Royal Prick (A Stepbrother Romance)(5)By: J.L. Beck
“I doubt he will do anything to hurt you, but the fact that he fights in the underground arenas all but says he will do anything for some money. Besides, his mother Olivia is certain that he just needs a little bit of time with his father. I’m not convinced in the least bit, though. He left them for a reason.” My mother was preparing her tea in our over the top kitchen. Mark, Royal’s father wasn’t biologically my dad, but he’d been married to my mom since she was pregnant with me, and he treated me like I was his own flesh and blood. He gave me the things I needed for a better life and was the father to me that mine never was or even tried to be. He treated my mom right and was an all-around great guy which was all I could ever ask for.
“Maybe it’s true?” I shrugged, trying to give the guy the benefit of the doubt. My mom had always been a negative nelly, always believing the bad in people before she even bothered to hear the good that they might have done.
“Don’t be so naïve, Noelle.” She scolded me like I was a small child. I wanted to roll my eyes at her but didn’t. I knew better than that. I didn’t have the time in my day for that lecture again. My mom was all about money and popularity, uncaring to those of lesser stature than her. In my eyes, she would be forever ungrateful. Just another unhappy, rich snob.
I couldn’t help myself, I had to sneak another peek. My eyes drifted back down to the photo she had placed in front of me as I ate my breakfast. Royal. I said the name in my head letting it roll around and simmer in my mind for a few minutes.
It was a name that reminded me of royalty, of a person who considered themselves above others, though he didn’t look the part at all.
He oozed sex appeal and charm,,that coupled with the pale blue eyes and the darkness of his skin made him more appealing to the eye. Then there was the fact he was smirking in his photo, which was all but saying fuck you to the correctional officer in front of him. Still, I wanted to reach through the photo and shake the shit out of him. He was a bad boy; it was written all over his face, and I was curious.
“When is he coming?” I blurted the question out. I wanted to meet him; to be the first to question him and bring to light all of his discretions. I wanted to rip him apart and piece him back together. To figure out everything there was to know about him, and to dissect the sad look in his eyes. Something in that photo made me want to know him. It made me want to know why he would endanger himself and those he loved most.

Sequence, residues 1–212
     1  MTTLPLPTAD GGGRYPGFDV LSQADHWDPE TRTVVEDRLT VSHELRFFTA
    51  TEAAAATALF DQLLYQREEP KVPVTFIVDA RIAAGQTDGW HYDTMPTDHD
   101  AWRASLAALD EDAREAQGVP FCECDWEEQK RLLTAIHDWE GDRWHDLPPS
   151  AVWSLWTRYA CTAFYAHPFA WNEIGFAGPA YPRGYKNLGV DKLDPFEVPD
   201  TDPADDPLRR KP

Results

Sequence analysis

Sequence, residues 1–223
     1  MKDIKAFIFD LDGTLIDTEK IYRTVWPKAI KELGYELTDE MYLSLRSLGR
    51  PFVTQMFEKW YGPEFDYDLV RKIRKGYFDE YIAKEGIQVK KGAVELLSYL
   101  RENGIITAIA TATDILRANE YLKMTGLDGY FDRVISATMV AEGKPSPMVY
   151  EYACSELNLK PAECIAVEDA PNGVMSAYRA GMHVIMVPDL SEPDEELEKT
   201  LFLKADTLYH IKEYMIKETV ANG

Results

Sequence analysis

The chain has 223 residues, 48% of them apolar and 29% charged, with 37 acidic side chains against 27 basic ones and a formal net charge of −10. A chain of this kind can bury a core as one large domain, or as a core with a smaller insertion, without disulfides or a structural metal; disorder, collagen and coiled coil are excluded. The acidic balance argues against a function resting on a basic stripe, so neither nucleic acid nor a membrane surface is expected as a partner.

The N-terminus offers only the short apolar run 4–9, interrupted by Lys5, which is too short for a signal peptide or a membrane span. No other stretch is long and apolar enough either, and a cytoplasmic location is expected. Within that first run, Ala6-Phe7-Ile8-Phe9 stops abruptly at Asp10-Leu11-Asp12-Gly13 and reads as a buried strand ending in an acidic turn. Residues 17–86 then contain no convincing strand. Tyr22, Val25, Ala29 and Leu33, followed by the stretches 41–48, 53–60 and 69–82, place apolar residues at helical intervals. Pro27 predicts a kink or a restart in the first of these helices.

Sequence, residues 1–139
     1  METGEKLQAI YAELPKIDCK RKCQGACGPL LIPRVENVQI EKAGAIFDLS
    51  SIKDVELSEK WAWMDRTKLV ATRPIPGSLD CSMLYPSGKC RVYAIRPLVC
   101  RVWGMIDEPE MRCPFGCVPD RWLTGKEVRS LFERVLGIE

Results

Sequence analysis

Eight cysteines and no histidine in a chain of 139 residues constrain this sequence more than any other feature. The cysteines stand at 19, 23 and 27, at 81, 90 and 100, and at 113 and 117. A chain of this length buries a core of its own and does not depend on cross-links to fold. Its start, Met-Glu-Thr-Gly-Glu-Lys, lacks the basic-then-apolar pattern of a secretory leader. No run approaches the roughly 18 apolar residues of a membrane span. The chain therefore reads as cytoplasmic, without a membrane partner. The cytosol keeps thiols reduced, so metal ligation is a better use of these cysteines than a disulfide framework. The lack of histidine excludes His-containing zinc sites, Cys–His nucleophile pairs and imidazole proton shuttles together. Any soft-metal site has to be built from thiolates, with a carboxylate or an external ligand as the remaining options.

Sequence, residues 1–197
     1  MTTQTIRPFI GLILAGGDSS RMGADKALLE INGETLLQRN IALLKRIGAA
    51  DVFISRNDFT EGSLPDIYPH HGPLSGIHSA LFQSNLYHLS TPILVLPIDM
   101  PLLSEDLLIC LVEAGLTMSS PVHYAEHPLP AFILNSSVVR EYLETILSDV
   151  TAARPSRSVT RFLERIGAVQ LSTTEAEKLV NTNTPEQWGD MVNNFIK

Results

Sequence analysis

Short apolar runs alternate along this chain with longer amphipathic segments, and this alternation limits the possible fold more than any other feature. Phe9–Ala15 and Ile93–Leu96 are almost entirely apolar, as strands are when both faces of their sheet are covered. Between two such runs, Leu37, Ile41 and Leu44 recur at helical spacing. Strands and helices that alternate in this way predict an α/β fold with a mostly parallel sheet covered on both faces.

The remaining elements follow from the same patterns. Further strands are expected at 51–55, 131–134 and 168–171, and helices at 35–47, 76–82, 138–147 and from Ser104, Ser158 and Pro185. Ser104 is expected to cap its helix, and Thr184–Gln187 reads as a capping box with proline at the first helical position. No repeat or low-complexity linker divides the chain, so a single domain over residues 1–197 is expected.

“Tomorrow, possibly tonight. Your father is picking him up from the airport sometime soon. I don’t really know, Noelle.” Her voice was short as she sipped on her tea and scrolled on her phone pretending to listen to anything I was saying.
“Oh, okay. Well does he need any help with anything? Maybe getting enrolled in classes, sports, or extra-curriculars?” I peppered her with questions. I didn’t want to sound overly excited, or too eager because she would take it the wrong way, but I had been alone in this giant ass house for years. Having someone else here with me, someone the same age as me would maybe make the house seem a little smaller and hopefully more like a home.
My mom lifted her eyes from her cell phone screen, her eyes narrowing on me, as she digested what I had said. “Sports? Really, Noelle, he’s a damn criminal for Christ sake. Criminals don’t play sports, and if he’s got a track record like that…” she pointed to the information underneath the photo, “…I doubt he has the grades to back himself up to join any extra-curricular activities.” I could feel my mouth drop open. Her assumptions on who he was were horrible. Just because a piece of paper said something about you didn’t mean it defined you, and apparently my mother didn’t get that memo. I must have taken too long to answer because before I could speak she was talking again.
“Please don’t tell me you see hope in this juvenile delinquent?” I could hear the disapproval in her voice. How could she be so rude, so mean? We knew nothing of him except for who his father was, and that wasn’t even enough to judge someone. So what, he had a record. So did a lot of the guys I went to school with.